There has been no international travel of late but, just recently, I had the pleasure of travel to cottage country in Ontario.
Over six months ago now, I returned from Morocco just in time for the lockdown.
What was then surreal is now fairly normal.
Over these many months, Tracey, Simon, and I have spent a lot of time considering what to write and how to manage the blog when we’re not traveling. We’ve tried to balance publishing some travel posts for those who still can travel (we write for people all over the world) and some posts for those who can't.
Last week, the three of us headed a few hours north of Toronto to a cottage near South River to spend a little time away from the speed of the city and to take a break from taking care of Solo Traveler.
Seeing the Trees for the Forest
We are, all three of us, urban. A few times a week, I'm into Toronto's parks by bike but that's not the same as being right out of the city. Travel to cottage country gave us a lot of forest bathing time and time to relax. And with relaxation, questions arose.
Why do the leaves at the top of the tree change color first?
Do chipmunks always have stripes or is that a small squirrel?
Did those two ducks that just swam under the dock whisper to each other?
That relaxation helped us to see, shall we say, the trees for the forest. From morning coffee on the deck to wine at sunset on the dock, we observed the details of nature and wondered what we were seeing. Without the knowledge amongst us, we turned to the internet. While we spent considerably less time online, it was not a complete digital detox.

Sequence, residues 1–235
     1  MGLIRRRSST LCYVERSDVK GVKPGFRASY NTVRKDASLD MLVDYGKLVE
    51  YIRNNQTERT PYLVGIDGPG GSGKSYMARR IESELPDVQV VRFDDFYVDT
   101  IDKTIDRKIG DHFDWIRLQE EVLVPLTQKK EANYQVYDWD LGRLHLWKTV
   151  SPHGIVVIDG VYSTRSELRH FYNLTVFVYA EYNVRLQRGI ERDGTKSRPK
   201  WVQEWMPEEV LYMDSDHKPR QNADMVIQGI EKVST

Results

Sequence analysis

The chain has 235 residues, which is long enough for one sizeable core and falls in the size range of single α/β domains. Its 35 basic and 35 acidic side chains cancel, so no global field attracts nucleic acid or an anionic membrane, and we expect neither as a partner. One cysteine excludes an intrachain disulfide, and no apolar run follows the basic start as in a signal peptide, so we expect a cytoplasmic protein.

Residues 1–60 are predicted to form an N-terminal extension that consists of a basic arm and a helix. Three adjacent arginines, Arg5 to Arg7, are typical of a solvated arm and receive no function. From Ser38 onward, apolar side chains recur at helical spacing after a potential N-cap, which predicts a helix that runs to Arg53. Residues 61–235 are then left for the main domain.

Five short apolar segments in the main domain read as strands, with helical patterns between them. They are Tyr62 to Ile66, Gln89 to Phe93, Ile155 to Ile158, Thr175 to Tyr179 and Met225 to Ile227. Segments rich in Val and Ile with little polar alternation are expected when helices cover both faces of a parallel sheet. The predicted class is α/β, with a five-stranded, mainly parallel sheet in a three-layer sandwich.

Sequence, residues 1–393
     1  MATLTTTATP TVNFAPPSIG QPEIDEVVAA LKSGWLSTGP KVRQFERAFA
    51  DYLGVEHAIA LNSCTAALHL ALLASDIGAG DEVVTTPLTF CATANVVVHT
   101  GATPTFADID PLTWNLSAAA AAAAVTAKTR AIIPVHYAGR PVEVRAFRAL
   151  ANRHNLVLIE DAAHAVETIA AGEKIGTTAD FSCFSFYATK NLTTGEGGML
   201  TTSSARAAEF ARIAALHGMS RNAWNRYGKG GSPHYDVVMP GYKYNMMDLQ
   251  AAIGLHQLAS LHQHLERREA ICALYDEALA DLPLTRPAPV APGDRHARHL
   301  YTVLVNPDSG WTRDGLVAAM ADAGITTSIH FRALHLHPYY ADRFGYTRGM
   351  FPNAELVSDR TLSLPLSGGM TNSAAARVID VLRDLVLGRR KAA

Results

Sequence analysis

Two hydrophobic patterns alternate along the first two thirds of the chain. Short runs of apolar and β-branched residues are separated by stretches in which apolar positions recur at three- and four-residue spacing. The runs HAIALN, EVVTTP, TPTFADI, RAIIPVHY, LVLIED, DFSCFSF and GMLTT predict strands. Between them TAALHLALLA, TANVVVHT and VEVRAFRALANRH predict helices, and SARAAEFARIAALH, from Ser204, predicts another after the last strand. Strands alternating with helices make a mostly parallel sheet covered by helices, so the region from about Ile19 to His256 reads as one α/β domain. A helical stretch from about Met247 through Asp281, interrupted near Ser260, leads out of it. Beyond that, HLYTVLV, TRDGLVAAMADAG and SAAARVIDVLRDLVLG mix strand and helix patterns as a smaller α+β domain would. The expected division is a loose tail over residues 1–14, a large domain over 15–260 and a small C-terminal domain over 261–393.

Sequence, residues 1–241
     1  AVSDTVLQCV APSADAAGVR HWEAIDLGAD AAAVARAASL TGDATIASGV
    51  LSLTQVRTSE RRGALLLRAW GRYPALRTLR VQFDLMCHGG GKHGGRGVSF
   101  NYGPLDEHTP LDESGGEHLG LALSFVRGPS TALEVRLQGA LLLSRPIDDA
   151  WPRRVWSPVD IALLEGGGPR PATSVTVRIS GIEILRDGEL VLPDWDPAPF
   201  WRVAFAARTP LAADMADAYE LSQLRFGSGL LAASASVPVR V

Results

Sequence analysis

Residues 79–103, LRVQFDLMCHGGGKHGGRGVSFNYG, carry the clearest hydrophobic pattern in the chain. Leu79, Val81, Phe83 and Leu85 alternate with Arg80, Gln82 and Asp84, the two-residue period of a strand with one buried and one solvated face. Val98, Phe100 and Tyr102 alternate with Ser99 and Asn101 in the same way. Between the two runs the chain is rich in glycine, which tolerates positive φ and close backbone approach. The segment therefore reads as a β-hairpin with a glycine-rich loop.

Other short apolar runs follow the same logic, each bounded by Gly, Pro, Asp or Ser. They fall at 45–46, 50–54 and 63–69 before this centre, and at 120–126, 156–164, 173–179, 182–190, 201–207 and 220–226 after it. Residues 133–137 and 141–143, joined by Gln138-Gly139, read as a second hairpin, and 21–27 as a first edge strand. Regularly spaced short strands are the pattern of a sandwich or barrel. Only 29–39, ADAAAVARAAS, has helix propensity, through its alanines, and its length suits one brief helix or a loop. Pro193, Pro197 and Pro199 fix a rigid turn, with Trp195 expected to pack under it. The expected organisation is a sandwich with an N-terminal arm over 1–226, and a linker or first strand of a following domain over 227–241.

Here are the answers to those questions.
- Since the leaves at the tip-tops of trees are furthest from the roots, nutrients stop reaching them first (fewer nutrients = less chlorophyll = bye bye green). Source
- All chipmunks have stripes. It was a small red squirrel that was chasing the chipmunk away from our snacks. Our research also showed that the red squirrel is known to eat chipmunks. Source
- Ducks do whisper! In fact, you can determine the sex of a duck by whether they quack (female) or whisper (male). Source
It was a wonderful week of reading, cooking, wine, knitting (in my case) and Scrabble. Competing with our editor and my husband the poet and aphorist, I lost every game.
Ah well, what I hoped of the week was delivered. Fresh air, nature, beautiful fall colors and no responsibilities.